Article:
Pabst also appeared to listen to Macpherson on the subject of the proper garnish for this traditional British dish – a spray of holly. All very well, but the pudding in Pandora’s Box looks a little strange. It is basin-shaped, but the sphere in question is flatter, and more like a wash-basin than a pudding-basin, and that is not holly on top but mistletoe, the same poisonous berries that the Ripper holds aloft over Lulu’s head before he kills her. Schigolch, after sending his daughter or ward into the arms of a killer, plunges his spoon into this grotesque pudding, entirely unperturbed. Thus Schigolch, the true villain of this piece, shares a taste of the Ripper’s vicious crime.
If this is Pabst’s attempt to sublimate the Ripper’s modus operandi through symbolism, it may have also have been his attempt, like Wedekind before him, to pre-empt the censor. But by the time Pandora’s Box reached London, the censors had already gone to town. The print that was screened at a trade show in April 1930 (that’s more than a year after its Berlin premiere) was almost certainly the same version that had been shown in New York in December of 1929. There, as Mordaunt Hall noted in his review:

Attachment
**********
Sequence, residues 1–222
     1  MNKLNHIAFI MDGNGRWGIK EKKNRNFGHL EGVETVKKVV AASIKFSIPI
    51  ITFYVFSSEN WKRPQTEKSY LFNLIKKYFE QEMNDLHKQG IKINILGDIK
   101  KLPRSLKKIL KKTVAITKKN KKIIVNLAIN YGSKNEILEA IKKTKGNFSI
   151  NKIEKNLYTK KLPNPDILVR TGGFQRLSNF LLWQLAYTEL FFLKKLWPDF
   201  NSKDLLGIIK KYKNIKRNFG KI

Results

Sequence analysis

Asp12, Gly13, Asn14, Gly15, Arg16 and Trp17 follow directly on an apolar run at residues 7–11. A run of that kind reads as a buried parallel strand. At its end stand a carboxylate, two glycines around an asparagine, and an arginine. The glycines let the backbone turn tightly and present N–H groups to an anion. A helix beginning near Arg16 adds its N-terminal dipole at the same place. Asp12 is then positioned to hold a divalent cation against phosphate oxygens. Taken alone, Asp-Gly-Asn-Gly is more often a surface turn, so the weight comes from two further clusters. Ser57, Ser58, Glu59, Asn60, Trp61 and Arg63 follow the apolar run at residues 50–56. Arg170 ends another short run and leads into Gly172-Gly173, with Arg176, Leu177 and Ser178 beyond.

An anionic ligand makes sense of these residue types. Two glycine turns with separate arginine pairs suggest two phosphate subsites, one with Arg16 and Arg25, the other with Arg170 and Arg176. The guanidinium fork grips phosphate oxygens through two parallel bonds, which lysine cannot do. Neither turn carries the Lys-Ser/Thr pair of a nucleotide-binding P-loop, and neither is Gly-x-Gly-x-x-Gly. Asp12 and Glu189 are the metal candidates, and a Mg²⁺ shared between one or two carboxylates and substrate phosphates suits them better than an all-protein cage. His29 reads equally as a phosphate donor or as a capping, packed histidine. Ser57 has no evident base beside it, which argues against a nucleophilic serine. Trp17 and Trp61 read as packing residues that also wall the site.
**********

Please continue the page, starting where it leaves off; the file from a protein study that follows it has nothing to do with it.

“In an introductory title the management sets forth that it has been prevented by the censors from showing the film in its entirety, and it also apologizes for what it termed ‘an added saccharine ending’.”[xxi]
The cut-down version of the film excises the lesbian character Countess Geschwitz, and removes other uncontroversial incidental business such as Siegfried Arno’s comedy routine backstage at the revue. It also deletes the very reason for Lulu and co to wash up in London – Jack the Ripper himself. In this version, there is no murder and Lulu and Alwa are inspired to make a fresh start instead after listening to the Salvation Army band.
London reviewers were either aghast at politely dismissive of Pandora’s Box, depending on whether they had prior expectations or had indeed seen the full version in Berlin. It seems the apologetic intertitle did not follow it across the Atlantic. In Close Up, Robert Herring raged: